Spermicides and vaginal sponges are two birth control methods used during sex to prevent pregnancy. Over-the-counter means that they can be purchased by anyone without a prescription.
Spermicides and vaginal sponges do not work as well at preventing pregnancy as some other forms of birth control. However, using a spermicide or sponge is much better than not using birth control at all.
Spermicides are chemicals that stop sperm from moving. They come as gels, foams, creams, or suppositories. They are inserted into the vagina before sex. You can buy spermicides in most drug and grocery stores.
How to use spermicide:
Spermicides do not reduce your chance of an infection. They may increase the risk of spreading HIV.
Risks include irritation and allergic reactions.
Vaginal contraceptive sponges are soft sponges covered with a spermicide.
A sponge can be inserted into the vagina up to 24 hours before intercourse.
Do not use the sponge if you have:
How well does the sponge work?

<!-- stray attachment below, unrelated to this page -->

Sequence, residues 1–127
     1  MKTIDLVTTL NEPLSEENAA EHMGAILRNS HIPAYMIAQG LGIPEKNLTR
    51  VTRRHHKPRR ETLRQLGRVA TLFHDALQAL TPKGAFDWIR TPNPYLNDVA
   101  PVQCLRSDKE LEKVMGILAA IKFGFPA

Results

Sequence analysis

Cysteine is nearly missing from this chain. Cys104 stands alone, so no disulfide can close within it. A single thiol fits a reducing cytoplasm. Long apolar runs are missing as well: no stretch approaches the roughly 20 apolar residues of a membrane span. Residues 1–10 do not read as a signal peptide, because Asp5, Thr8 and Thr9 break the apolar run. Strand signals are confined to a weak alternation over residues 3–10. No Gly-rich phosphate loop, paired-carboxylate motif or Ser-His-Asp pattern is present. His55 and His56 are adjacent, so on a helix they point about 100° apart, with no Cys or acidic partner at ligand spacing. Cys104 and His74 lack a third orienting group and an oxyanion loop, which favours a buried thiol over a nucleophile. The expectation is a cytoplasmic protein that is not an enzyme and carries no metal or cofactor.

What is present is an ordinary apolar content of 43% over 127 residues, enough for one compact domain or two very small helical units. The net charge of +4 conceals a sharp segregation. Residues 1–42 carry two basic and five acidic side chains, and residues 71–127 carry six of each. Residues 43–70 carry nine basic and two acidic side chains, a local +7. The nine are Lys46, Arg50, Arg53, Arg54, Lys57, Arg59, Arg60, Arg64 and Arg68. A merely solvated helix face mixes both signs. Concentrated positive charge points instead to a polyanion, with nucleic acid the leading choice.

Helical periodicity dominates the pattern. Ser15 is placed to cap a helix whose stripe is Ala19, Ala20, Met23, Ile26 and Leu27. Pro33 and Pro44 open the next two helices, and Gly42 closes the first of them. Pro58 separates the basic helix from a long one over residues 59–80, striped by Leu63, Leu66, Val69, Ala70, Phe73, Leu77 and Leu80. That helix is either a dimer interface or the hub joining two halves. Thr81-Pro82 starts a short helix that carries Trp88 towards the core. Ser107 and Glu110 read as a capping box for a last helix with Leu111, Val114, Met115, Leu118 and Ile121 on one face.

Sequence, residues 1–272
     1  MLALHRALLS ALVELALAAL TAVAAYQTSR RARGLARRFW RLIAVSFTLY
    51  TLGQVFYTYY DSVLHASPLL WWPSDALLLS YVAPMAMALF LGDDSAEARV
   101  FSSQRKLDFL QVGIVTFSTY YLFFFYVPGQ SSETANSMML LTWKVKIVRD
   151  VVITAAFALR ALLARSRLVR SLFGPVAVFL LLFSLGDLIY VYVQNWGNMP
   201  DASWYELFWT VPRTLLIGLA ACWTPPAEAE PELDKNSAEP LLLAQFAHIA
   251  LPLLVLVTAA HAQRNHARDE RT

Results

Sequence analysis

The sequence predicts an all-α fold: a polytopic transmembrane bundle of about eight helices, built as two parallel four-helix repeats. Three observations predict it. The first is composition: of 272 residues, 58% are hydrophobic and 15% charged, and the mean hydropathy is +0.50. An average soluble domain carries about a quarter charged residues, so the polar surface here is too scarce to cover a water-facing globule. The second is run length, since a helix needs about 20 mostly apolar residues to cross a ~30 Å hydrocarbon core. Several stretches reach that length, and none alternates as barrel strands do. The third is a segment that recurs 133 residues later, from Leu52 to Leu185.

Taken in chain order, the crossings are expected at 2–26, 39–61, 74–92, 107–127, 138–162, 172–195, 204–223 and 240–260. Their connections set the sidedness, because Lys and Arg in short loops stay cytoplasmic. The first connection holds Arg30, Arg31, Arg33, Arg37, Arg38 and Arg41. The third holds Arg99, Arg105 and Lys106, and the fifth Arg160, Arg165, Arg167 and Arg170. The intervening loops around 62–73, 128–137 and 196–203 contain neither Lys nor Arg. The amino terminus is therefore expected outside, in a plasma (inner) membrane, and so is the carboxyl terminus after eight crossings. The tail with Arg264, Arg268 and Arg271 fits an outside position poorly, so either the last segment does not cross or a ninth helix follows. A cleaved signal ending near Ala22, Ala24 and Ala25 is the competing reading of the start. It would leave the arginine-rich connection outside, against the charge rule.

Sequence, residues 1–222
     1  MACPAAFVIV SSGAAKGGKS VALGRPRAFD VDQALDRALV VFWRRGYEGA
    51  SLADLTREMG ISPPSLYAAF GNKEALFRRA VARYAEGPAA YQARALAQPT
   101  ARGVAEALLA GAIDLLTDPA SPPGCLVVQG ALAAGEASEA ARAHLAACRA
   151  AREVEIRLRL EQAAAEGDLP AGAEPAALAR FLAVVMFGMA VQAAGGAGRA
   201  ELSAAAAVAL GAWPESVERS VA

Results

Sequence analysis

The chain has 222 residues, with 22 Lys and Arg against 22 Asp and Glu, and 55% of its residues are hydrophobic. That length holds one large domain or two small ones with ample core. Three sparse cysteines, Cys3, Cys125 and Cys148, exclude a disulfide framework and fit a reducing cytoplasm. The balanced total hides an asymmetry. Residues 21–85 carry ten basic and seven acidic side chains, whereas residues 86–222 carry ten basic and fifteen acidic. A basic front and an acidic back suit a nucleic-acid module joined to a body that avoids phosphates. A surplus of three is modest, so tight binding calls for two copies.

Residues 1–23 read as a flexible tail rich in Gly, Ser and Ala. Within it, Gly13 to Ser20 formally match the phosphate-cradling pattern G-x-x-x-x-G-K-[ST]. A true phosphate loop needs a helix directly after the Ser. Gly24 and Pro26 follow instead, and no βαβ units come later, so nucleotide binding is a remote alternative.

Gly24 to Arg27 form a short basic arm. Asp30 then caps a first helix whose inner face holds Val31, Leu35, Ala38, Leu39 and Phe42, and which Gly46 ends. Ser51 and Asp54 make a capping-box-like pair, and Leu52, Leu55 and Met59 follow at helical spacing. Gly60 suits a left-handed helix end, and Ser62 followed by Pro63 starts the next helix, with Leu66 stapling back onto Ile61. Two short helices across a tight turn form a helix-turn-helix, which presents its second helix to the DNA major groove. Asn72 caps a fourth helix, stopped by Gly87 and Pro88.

Birth control - over the counter; Contraceptives - over the counter
Amy JJ, Tripathi V. Contraception for women: an evidence based overview. BMJ. 2009 Aug 7;339.
Updated by: Susan Storck, MD, FACOG, Chief, Eastside Department of Obstetrics and Gynecology, Group Health Cooperative of Puget Sound, Bellevue, Washington; Clinical Teaching Faculty, Department of Obstetrics and Gynecology, University of Washington School of Medicine. Also reviewed by David Zieve, MD, MHA, Medical Director, A.D.A.M. Health Solutions, Ebix, Inc.
The information provided herein should not be used during any medical emergency or for the diagnosis or treatment of any medical condition. A licensed physician should be consulted for diagnosis and treatment of any and all medical conditions. Call 911 for all medical emergencies. Links to other sites are provided for information only -- they do not constitute endorsements of those other sites. Copyright 1997-2013, A.D.A.M., Inc. Duplication for commercial use must be authorized in writing by ADAM Health Solutions.